While some might write this off as an anthology comic that’s simply marching toward to inevitability of a big event, I see it as crash course in X-Men mythology for the uninitiated. Sure, it might not be familiar and it might not even be showing things that are going to happen. But the beauty of comics is that on any given page you might be seeing something incredible. The narration is big and sweeping, enveloping readers in a grand scheme that may never come to be. For readers new and old, there is something intrinsically exciting about that. Comics are about infinite possibilities and while the modern media machine seems to have stripped them of that quality, All-New X-Men #25 reminds us that it still exists.
Written by Joe Keatinge
Art by Leila Del Duca and Owen Gieni
Lettering by Ed Brisson
Published by Image Comics
Review by Aaron Duran
'Rama Rating: 9 out of 10
With any new series, it's tricky finding the balance between story and world building. Many times the needs of the character outweigh the needs of the world. While that can make for an entertaining read, it's far too often at the cost of a setting we really don't understand, or worse still, don't know why our characters care about it. Such is not the case with Shutter #1 by writer Joe Keatinge and artist Leila Del Duca. Sure, one element still gives way to another, but it is our main protagonist Kate Kristopher that takes a slight backseat to the fantastic setting designed by the storytellers. On the surface, Shutter #1 is the story of a family of reality and dimension hopping adventures, with only young Kate Kristopher as the sole heir, who no longer wishes to continue the legacy. We get early hints that she's also an accomplished writer who feels she long ago hit her peak. But like all great adventures, Kate has yet to experience her full destiny.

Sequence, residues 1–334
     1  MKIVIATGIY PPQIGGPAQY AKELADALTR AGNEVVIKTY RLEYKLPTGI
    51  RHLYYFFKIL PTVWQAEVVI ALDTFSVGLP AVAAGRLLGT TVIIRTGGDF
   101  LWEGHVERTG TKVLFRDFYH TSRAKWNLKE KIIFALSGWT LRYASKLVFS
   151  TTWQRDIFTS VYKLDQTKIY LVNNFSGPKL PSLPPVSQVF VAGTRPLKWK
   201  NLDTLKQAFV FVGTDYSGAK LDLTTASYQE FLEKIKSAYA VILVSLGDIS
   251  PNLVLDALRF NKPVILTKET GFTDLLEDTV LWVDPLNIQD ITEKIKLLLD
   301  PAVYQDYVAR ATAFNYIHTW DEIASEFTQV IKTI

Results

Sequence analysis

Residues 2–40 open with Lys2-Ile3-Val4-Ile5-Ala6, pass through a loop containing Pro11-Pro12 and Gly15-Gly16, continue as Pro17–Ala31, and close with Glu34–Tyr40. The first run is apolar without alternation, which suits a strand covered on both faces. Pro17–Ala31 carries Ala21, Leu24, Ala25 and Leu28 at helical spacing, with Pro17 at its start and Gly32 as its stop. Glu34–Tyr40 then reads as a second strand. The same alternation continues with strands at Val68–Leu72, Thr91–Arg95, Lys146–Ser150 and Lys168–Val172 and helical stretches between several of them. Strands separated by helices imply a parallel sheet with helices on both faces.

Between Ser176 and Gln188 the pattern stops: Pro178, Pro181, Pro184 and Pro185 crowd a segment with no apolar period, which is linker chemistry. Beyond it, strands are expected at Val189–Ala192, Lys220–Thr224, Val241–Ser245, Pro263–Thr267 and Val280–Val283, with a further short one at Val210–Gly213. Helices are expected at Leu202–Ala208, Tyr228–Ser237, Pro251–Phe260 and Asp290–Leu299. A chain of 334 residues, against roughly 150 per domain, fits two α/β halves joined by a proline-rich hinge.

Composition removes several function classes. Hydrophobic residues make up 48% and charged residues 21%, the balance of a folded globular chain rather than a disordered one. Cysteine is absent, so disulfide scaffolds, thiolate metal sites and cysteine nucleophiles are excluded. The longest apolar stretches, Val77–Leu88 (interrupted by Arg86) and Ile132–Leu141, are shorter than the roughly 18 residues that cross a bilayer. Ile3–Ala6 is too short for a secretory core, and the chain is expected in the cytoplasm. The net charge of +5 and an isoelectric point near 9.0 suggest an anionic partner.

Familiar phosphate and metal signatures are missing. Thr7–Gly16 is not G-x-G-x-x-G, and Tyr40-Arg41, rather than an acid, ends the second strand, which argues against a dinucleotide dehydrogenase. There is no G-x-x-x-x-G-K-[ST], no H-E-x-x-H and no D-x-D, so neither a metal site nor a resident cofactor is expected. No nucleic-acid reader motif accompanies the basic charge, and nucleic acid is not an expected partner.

At first glance, Shutter is easy to dismiss as yet another pulp style adventure story that just happens to pull from all genres. But when you dig a little deeper into Keatinge's early ideas, you can easily see some of the deeper messages. True, Kate gives an appearance of a rather spoiled, or at least disinterested, rich girl that thinks life has no meaning. Read closer and you see hints of what created this jaded young woman. An ancestry she doesn't believe is possible to live up to, and a career of her own that she feels is over before she even hit 30. Fantastic setting aside, these are issues that people of all ages struggle. It's interesting that in a simple throw away line about her current job as a realty photographer we learn so much about this young woman. She feels she is done building her own life and future. Instead, she takes static images of a time and place, so that others may build upon their own. In that moment, Keatinge lets the story take a step back in favor of the reader learning more about Kate and the world she resides.
And it is quite the world indeed. Leila Del Duca is unquestioningly the star of this comic. The book opens with a rather daring double page spread. But unlike most opens, Shutter #1 isn't packed with huge explosions or massive fight scenes. Instead, it's a young girl running on the vast emptiness of the moon. You can feel the weightlessness of young Kate as she bounds on the surface in her suit. Heavy pencils lines kick up around her feet as the small rocks fly into the air as this young girl disturbs their millennial stillness. The wonderful vastness is almost immediately countered by tight and dense interaction between Kate and her father. In those moments, Del Duca draws expressions that are instantly recognizable. Even without Keatinge's dialog, the reader can imagine the words of joy and pride beaming from her father, while little Kate wants nothing more than to not be bored.